Blue-headed Vireo

On a stormy, dark, windy, rainy day, I hadn’t spent much time outside. Late in the afternoon, I had just returned from a trip to the store during a break in the rain, and was carrying in the groceries when I heard the song of a vireo. It was high and sweet and clear – a Blue-headed Vireo, singing from somewhere in trees on the edge of our yard. By the time I had gotten binoculars and come back out, it had moved further away, too far to see, but I could still hear the song for several minutes.

A Blue-headed Vireo used to be one of our earliest signs of spring, but I haven’t heard or seen one as often in the past few years, so I was disappointed not to be able to see this one. A small songbird with a blue-gray head and bold white spectacles, it moves steadily, deliberately through the trees in a characteristic, sedate way, searching the branches for insects. Though it’s not usually quick and fluttery as it moves, a Blue-headed Vireo often will fly up or hover to catch insects in flight. I first learned to know it as a Solitary Vireo, a name that still seems to me to fit it better, though Solitary Vireos now have been broken into three separate, similar species, each with a new name.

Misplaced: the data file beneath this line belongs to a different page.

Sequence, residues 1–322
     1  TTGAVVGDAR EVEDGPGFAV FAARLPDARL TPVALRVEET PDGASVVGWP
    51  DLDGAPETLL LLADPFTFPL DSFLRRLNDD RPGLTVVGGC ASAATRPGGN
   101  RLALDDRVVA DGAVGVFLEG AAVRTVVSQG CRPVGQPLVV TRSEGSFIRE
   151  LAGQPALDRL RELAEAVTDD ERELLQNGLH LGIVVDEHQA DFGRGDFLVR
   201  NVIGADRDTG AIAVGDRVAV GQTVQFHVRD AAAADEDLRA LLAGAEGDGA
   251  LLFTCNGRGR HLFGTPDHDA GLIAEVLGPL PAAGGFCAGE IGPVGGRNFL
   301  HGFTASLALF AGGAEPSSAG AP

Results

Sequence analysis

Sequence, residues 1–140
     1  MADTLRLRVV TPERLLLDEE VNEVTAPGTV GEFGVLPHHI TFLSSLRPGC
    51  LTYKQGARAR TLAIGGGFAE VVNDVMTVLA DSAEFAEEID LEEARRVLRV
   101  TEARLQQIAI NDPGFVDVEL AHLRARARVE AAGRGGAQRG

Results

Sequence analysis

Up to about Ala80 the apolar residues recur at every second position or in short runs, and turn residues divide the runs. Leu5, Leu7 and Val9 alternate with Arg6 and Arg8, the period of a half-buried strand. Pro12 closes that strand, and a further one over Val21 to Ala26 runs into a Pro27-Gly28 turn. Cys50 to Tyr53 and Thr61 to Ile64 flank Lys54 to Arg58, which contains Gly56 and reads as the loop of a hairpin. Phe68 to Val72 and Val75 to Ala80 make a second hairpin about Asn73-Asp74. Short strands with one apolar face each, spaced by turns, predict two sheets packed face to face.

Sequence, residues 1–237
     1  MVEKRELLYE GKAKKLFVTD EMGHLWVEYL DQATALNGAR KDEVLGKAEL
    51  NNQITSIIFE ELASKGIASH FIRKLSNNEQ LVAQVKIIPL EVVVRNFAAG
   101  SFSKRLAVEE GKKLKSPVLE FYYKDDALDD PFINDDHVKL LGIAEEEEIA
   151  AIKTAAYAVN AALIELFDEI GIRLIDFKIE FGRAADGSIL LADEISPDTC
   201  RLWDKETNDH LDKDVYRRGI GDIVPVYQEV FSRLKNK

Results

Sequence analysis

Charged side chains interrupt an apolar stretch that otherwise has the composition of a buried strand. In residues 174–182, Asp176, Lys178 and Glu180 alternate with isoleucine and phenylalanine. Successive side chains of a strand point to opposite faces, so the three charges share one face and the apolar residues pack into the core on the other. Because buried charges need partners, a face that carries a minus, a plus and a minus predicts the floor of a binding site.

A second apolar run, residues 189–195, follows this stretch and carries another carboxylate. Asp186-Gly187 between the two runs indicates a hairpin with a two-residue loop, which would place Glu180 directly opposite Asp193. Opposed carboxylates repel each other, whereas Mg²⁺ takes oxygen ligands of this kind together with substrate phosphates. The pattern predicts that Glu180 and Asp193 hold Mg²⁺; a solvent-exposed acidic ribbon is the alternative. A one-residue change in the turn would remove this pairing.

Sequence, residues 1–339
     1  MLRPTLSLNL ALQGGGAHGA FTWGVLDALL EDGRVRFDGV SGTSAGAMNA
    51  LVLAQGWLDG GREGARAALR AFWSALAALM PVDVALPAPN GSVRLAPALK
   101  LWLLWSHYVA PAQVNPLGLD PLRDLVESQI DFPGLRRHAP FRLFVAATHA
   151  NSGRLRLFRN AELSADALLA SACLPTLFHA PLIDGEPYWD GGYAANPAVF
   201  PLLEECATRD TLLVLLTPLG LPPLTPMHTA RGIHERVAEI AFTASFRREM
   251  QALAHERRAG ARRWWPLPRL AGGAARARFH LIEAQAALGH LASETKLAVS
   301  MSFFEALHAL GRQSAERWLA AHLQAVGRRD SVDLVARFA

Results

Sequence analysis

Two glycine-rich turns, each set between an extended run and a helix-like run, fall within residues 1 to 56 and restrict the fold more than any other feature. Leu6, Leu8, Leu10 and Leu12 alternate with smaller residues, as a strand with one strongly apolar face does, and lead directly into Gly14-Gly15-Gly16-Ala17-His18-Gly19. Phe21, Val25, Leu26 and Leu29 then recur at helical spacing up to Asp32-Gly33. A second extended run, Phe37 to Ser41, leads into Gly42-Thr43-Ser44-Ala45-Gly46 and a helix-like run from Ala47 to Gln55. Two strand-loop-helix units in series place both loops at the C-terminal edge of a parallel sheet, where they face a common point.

The Blue-headed Vireo’s song is a series of varied, short phrases, similar to some other vireos, but with a distinctive clear and airy quality, sung in a slower, almost dreamy way. The song sounds, to me, like the Blue-headed Vireo looks – cool, smooth, deliberate, pretty.

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